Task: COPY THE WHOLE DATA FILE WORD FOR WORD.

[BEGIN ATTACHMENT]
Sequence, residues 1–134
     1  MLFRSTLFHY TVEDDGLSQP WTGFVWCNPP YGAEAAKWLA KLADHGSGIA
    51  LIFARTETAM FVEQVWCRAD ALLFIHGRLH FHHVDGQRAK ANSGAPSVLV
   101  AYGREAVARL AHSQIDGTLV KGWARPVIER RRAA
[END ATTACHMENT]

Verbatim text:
Sequence, residues 1–134
     1  MLFRSTLFHY TVEDDGLSQP WTGFVWCNPP YGAEAAKWLA KLADHGSGIA
    51  LIFARTETAM FVEQVWCRAD ALLFIHGRLH FHHVDGQRAK ANSGAPSVLV
   101  AYGREAVARL AHSQIDGTLV KGWARPVIER RRAA